Rezaie, Payam (2007). History of Neuroscience: Mesoglia and Microglia. IBRO History of Neuroscience.Full text available as:
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Microglia are mononuclear phagocytes that reside within the central nervous system (CNS). They differ from macroglia (astrocytes and oligodendrocytes) in terms of their origin, phenotype and functions, but more closely resemble tissue-resident macrophages in all these aspects. The principal role of microglia is to provide a first line of defence against pathological insults at this primary site. Modern consensus holds that microglia are of myeloid origin, much like tissue-resident mononuclear phagocytes within other organs, and arise during fetal development from progenitors in the yolk sac, liver or spleen or from mesenchymal tissues surrounding the nervous system that subsequently seed the CNS during gestation and perinatally, and differentiate morphologically to ramified and immunophenotypically suppressed adult varieties (20, 31). These intriguing and controversial cells have been the focus of intense scientific research for the past two decades, and the subject of many recent reviews to which the reader is referred (8, 11, 12, 14-16, 18, 20-22, 24-27, 31-34, 54-57).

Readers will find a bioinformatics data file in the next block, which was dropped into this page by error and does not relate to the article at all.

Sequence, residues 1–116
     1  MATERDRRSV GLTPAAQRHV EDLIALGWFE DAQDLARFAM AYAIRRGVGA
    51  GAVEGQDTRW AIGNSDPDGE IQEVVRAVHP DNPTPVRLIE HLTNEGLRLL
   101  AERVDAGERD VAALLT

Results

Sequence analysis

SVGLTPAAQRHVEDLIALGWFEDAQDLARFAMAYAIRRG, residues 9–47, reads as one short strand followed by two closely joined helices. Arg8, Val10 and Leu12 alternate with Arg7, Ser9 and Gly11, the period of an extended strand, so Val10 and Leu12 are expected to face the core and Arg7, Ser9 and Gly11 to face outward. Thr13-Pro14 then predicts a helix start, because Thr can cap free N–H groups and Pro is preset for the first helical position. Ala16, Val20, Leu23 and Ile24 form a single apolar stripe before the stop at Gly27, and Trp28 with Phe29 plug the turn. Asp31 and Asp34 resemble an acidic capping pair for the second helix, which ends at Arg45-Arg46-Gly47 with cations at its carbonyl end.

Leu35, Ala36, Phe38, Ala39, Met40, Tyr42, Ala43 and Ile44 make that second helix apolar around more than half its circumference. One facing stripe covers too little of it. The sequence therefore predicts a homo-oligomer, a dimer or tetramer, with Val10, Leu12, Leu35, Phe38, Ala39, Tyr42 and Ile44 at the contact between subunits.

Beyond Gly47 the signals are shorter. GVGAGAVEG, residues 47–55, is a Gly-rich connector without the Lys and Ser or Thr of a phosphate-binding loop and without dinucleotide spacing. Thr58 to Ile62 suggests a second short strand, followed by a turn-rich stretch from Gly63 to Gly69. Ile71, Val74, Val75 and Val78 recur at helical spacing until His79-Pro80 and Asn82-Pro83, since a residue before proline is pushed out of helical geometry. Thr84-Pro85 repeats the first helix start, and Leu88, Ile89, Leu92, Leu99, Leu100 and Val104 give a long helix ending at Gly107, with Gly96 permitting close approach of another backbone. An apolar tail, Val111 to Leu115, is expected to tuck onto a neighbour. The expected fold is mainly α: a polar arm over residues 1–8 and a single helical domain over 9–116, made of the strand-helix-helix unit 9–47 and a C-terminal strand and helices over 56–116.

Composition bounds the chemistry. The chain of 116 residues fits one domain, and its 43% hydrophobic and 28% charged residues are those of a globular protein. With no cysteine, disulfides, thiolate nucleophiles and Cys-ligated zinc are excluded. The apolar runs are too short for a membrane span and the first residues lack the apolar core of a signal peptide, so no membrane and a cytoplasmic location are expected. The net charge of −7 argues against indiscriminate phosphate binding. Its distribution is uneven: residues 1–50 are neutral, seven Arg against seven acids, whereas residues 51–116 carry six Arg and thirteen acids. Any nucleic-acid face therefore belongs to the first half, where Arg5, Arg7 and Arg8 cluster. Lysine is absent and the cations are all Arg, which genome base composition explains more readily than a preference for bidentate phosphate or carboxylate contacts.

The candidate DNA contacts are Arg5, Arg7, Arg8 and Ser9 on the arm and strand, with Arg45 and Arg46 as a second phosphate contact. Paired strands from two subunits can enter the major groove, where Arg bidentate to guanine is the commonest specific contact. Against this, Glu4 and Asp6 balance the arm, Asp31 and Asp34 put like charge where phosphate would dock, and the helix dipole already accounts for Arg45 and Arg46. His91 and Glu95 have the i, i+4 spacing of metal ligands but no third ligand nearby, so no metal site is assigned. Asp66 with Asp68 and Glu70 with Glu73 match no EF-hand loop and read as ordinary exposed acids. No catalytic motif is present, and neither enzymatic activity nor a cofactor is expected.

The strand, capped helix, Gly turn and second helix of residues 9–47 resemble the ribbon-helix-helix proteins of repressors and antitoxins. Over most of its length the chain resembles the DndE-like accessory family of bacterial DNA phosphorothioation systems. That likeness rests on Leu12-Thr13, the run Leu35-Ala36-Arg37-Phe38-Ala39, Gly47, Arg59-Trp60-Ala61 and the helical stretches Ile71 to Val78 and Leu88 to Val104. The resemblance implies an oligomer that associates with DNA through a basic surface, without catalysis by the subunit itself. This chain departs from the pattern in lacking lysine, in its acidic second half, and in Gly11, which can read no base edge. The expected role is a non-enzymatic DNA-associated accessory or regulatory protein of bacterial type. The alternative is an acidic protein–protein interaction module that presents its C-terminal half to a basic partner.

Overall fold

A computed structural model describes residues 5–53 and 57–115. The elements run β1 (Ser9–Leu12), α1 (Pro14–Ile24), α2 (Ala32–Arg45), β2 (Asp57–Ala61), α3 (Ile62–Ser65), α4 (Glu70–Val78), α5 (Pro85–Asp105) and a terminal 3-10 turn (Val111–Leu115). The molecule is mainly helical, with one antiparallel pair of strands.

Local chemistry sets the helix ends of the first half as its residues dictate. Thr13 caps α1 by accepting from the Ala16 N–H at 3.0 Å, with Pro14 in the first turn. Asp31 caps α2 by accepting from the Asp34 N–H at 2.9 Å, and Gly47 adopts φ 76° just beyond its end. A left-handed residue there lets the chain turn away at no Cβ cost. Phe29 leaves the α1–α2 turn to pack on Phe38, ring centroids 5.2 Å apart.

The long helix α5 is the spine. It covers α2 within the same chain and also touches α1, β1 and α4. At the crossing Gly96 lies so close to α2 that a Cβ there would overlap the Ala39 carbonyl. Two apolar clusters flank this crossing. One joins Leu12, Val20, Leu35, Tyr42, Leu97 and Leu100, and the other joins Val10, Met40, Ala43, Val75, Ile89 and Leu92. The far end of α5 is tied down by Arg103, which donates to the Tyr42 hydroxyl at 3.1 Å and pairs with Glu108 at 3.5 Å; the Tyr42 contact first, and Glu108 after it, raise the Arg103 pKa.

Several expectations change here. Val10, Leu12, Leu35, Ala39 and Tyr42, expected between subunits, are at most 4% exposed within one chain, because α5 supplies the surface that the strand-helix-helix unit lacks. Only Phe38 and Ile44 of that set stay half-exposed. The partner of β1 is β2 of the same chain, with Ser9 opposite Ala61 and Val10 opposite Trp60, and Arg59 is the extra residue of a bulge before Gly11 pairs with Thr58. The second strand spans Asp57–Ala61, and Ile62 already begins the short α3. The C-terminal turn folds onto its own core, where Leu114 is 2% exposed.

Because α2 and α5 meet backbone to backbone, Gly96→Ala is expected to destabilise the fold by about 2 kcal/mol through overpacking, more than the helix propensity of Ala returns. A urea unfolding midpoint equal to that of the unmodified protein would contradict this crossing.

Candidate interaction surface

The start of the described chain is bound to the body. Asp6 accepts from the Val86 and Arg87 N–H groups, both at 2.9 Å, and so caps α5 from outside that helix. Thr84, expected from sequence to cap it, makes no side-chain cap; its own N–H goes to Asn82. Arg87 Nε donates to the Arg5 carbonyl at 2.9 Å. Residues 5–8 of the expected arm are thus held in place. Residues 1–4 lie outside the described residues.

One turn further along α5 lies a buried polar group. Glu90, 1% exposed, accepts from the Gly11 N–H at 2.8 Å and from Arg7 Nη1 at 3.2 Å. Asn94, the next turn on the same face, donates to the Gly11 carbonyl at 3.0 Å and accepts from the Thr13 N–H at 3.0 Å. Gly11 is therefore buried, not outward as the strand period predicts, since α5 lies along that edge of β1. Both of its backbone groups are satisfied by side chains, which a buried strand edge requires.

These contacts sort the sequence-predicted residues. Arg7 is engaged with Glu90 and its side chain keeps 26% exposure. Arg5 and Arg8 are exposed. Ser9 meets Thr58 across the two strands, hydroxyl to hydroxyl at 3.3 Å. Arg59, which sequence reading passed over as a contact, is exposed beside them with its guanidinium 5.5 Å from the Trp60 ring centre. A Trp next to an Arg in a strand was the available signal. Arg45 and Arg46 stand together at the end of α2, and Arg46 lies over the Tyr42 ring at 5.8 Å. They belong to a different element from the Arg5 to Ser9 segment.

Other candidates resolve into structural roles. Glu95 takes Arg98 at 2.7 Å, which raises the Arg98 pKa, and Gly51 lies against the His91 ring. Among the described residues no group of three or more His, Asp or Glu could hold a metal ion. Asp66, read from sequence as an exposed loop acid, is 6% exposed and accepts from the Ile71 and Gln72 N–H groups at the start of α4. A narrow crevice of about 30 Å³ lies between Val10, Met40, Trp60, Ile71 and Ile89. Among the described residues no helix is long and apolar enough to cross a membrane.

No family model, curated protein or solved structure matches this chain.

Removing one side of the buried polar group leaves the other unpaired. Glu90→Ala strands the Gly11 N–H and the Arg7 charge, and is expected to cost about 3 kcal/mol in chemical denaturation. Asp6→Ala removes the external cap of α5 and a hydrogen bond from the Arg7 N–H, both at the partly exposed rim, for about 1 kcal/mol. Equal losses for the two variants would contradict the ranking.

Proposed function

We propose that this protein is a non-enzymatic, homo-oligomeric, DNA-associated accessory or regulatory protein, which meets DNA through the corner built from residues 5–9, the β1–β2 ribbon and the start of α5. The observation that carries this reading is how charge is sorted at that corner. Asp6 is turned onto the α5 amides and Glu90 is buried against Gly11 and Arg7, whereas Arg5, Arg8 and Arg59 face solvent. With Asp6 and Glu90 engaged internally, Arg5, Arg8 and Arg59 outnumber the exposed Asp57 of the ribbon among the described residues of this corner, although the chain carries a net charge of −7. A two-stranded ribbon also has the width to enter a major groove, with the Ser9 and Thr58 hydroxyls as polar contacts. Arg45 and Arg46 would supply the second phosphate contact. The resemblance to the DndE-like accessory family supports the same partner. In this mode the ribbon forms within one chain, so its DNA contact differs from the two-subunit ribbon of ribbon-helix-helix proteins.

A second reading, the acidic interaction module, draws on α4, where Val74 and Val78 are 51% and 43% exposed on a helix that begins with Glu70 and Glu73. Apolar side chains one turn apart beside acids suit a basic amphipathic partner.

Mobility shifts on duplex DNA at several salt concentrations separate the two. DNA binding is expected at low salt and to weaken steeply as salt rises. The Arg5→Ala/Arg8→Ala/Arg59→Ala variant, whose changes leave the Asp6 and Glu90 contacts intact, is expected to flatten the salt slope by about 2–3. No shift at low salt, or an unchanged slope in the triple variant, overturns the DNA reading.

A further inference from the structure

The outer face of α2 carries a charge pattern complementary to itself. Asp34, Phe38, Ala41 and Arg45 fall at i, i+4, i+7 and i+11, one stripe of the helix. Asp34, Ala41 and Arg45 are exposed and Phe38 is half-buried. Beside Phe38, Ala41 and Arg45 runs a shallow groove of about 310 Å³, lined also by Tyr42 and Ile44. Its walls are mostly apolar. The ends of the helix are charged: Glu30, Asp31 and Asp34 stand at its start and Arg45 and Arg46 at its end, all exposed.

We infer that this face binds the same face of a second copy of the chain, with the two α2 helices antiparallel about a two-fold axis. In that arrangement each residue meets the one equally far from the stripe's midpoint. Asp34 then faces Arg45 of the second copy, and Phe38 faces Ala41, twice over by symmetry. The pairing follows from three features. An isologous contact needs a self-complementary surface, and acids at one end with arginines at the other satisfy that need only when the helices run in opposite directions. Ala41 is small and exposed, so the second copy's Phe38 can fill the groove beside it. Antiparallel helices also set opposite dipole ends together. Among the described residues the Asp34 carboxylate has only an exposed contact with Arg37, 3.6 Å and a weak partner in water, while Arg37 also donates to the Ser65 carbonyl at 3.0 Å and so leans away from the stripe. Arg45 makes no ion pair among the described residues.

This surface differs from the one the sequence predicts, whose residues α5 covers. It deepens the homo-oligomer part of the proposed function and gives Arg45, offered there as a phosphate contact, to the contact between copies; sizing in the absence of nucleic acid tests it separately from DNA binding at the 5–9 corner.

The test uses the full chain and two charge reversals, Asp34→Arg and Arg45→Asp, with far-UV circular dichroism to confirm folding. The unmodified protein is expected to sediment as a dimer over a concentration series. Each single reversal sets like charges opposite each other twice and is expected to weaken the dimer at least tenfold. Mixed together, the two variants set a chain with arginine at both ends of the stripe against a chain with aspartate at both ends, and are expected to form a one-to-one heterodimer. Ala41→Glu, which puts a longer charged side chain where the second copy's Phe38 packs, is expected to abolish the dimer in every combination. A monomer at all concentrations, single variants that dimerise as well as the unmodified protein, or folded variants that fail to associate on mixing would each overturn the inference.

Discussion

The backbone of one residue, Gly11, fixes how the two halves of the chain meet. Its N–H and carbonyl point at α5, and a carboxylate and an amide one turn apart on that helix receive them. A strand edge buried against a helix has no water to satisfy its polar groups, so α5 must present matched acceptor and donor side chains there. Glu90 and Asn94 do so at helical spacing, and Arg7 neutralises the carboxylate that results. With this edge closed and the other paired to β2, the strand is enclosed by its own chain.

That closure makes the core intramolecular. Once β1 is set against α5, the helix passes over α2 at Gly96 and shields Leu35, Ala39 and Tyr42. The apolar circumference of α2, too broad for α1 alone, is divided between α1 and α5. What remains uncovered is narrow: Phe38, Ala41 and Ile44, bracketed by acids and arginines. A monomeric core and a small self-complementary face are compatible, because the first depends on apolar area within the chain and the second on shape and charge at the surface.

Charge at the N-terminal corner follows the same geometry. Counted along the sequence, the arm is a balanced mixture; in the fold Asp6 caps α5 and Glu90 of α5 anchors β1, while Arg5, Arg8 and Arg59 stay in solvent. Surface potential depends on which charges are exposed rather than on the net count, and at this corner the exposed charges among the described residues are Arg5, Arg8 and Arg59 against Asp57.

|Academic Unit/Department:||Science > Life, Health and Chemical Sciences
|Interdisciplinary Research Centre:||Biomedical Research Network (BRN)|
|Depositing User:||Payam Rezaie|
|Date Deposited:||19 Oct 2006|
|Last Modified:||24 Feb 2016 03:01|
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